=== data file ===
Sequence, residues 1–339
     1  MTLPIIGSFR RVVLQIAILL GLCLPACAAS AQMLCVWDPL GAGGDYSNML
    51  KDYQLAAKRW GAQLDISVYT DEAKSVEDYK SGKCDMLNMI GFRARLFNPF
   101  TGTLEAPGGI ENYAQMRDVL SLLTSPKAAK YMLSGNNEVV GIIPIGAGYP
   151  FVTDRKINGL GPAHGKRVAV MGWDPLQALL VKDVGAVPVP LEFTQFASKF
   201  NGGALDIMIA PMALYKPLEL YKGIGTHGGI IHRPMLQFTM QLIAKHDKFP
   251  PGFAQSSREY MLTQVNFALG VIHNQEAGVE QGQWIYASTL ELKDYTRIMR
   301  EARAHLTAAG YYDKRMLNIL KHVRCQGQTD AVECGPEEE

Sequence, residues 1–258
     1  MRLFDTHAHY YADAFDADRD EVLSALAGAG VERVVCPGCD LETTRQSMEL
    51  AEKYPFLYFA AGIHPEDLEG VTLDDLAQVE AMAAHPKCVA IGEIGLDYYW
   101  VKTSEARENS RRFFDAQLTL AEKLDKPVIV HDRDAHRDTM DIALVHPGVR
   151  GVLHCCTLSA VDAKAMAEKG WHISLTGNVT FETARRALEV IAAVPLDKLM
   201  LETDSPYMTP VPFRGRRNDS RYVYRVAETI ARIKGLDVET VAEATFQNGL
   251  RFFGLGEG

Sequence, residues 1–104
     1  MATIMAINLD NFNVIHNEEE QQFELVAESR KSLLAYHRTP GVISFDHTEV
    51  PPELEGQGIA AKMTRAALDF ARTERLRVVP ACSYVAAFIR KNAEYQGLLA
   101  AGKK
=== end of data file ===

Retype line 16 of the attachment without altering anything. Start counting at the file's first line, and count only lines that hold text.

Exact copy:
Sequence, residues 1–104